Marriage laws are trans-nationally changing because of the changing attitude and opinion of the people.
at this point, a very genuine question arises whether a trans-women when married can be called a bride? Madras high court[vi] in this regard recognized trans-women as a bride under section 5 of the Hindu marriage act, 1955.


In the end, one thing that can be pointed out even after all the rights given to the transgender is that these rights, the right by mass resistance are not going to work unless dismal sight on them is washed away. 

[i] LGBT community includes four different communities –lesbian, gay, bisexual, and transgender.
 lesbian – homosexuality in women gay- homosexuality in male Bisexual-“sexually attracted not exclusively to people of one particular gender; attracted to both men and women”.
 Transgender-“denoting or relating to a person whose sense of personal identity and gender does not correspond with their birth sex”.
[ii] national legal service authority v. union of India was the two-judge bench of the supreme court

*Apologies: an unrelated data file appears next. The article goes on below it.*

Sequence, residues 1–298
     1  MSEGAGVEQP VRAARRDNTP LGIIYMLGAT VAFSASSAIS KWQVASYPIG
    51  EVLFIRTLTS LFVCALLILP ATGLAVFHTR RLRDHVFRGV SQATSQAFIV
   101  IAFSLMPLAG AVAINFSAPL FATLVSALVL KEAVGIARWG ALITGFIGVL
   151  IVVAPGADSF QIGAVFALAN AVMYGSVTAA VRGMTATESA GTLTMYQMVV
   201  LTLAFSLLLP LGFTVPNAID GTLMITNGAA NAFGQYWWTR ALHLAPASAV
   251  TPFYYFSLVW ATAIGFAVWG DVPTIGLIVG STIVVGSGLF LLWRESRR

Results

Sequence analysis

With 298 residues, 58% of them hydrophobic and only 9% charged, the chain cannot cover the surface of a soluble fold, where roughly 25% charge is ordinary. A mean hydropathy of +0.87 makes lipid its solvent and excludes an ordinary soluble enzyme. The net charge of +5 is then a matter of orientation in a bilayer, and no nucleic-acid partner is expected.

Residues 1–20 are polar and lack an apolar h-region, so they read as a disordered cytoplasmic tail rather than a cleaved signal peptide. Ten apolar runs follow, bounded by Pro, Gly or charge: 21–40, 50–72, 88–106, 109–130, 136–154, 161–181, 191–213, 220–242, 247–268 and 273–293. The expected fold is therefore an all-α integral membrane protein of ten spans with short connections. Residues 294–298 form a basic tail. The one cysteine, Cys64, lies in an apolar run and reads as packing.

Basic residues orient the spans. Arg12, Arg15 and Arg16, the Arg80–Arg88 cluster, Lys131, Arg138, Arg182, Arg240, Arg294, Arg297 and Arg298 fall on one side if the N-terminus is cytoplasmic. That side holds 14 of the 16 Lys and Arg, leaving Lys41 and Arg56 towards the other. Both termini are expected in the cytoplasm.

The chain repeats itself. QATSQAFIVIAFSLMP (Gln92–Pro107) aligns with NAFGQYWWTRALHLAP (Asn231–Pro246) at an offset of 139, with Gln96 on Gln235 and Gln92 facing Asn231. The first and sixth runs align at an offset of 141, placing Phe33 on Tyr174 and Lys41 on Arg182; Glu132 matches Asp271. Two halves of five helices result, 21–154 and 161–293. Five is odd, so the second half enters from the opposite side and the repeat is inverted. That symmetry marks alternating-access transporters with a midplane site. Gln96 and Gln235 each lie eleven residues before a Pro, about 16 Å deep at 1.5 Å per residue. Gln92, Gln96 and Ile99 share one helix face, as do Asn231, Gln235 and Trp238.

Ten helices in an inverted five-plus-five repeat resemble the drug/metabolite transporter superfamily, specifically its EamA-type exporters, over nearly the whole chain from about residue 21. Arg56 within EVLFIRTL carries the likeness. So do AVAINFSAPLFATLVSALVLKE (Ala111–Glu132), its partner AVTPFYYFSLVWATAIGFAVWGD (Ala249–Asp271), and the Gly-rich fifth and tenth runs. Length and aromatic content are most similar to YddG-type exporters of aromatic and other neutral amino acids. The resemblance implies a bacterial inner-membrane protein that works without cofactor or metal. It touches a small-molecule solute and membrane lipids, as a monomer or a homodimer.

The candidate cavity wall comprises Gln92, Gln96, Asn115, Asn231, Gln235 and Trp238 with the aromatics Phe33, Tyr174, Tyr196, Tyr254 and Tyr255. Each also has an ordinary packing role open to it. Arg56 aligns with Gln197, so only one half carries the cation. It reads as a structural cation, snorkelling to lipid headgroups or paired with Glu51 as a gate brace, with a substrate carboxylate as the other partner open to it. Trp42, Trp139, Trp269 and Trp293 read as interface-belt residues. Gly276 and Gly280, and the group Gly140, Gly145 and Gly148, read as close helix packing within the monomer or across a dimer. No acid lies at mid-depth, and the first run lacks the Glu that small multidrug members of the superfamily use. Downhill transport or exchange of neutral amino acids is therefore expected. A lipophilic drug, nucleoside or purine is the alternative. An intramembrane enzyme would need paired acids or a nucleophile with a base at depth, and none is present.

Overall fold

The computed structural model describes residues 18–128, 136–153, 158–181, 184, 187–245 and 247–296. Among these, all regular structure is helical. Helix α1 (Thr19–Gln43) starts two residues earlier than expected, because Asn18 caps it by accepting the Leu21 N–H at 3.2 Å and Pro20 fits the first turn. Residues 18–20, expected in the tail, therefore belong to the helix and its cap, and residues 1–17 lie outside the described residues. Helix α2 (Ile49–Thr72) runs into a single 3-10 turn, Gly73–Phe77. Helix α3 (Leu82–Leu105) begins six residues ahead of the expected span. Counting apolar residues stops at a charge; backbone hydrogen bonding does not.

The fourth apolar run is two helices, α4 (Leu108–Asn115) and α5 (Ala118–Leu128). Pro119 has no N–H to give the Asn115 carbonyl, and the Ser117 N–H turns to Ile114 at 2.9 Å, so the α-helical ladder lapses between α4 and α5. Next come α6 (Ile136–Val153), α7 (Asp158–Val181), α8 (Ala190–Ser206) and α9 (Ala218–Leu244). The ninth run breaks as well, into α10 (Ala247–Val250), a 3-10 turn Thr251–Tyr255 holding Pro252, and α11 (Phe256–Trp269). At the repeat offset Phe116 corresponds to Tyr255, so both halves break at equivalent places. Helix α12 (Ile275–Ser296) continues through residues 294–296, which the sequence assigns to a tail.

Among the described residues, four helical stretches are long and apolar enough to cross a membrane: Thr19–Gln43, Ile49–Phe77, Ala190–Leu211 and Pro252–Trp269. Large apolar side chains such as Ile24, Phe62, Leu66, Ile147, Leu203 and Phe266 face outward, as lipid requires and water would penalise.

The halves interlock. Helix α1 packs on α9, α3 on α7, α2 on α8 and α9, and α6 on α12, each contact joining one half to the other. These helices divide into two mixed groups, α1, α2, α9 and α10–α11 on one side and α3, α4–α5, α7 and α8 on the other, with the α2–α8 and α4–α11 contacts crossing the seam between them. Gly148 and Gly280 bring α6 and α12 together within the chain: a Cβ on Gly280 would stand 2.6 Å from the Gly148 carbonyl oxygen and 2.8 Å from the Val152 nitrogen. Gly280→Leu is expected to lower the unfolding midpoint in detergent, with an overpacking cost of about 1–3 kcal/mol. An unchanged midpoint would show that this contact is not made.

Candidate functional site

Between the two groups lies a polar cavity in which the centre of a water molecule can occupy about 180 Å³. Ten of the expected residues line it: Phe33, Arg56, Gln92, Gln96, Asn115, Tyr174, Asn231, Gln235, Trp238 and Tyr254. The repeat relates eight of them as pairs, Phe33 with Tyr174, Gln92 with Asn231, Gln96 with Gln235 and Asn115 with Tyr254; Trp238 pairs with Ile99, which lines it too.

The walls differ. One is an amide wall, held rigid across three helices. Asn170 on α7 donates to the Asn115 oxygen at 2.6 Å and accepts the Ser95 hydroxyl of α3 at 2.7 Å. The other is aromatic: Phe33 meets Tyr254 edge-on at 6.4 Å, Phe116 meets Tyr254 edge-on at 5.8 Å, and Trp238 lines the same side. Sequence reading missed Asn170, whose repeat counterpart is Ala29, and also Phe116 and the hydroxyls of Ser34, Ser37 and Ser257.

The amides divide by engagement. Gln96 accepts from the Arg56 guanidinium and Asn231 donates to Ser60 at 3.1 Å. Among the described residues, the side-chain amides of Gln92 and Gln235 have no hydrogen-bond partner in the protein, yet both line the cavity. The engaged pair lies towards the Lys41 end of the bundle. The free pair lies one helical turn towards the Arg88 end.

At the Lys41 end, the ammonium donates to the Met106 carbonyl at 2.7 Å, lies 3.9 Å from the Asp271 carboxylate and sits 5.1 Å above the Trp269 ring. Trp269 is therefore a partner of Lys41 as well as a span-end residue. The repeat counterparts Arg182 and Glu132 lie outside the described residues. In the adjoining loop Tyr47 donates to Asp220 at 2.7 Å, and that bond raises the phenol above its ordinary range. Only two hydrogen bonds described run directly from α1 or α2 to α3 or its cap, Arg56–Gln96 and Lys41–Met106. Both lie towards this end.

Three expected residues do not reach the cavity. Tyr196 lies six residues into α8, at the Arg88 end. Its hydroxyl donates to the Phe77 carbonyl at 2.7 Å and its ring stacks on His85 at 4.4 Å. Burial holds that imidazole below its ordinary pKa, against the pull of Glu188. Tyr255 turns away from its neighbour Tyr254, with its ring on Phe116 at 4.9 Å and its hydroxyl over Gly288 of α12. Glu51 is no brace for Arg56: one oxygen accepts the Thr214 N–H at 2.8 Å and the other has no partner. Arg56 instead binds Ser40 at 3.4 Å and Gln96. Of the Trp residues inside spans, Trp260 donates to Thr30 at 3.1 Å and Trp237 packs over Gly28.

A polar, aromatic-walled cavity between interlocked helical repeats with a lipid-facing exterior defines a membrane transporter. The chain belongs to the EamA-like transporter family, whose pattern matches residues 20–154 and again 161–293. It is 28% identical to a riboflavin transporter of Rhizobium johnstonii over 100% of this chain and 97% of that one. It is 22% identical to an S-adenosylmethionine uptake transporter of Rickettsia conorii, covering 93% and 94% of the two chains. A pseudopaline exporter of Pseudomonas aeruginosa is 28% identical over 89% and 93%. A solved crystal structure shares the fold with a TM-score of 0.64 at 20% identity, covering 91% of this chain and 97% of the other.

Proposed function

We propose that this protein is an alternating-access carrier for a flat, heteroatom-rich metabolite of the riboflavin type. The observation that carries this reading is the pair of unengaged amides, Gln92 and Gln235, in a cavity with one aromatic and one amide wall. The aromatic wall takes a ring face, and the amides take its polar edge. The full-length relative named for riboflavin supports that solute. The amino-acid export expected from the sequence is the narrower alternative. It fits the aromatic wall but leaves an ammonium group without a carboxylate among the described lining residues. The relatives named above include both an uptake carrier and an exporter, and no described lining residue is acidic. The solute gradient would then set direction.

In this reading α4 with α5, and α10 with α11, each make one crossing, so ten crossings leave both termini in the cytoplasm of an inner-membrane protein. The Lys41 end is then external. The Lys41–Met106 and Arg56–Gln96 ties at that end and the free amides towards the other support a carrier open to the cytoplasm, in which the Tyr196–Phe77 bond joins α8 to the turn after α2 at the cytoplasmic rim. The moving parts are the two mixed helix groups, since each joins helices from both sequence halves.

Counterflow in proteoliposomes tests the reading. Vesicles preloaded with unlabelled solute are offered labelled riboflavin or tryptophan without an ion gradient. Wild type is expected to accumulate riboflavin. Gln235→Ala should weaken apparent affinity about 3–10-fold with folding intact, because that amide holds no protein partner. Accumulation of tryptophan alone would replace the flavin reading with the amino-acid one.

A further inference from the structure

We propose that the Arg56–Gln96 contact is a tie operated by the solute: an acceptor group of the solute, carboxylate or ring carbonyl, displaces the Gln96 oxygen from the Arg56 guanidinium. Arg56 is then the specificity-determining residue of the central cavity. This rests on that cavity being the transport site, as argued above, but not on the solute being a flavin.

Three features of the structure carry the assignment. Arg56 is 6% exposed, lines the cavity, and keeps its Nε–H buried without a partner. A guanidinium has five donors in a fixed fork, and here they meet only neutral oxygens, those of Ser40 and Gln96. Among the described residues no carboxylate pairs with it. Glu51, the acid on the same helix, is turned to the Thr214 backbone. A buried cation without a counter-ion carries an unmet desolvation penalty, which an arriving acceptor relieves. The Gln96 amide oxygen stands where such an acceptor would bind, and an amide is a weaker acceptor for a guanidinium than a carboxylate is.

[iii]“ Supreme Court bench consisting of G. S. Singhvi and S. J. Mukhopadhaya”
[iv] was the five-judge bench case
[v]“ But portions of Section 377 relating to sex with minors, non-consensual sexual acts such as rape, and bestiality remain punishable”
[vi] “Justice G.R. Swaminathan in his ruling held that a transsexual was also a “bride” and the term applied in the Act would not significantly indicate only to a woman. “A marriage consecrated between a male and a trans woman, both are having Hindu religion and it will be a valid marriage under Section 5 of the Hindu Marriage Act, 1995 and the Registrar of Marriages is obliged to record the same.”

Author: Ananya Bharti, Vivekananda institute of professional studies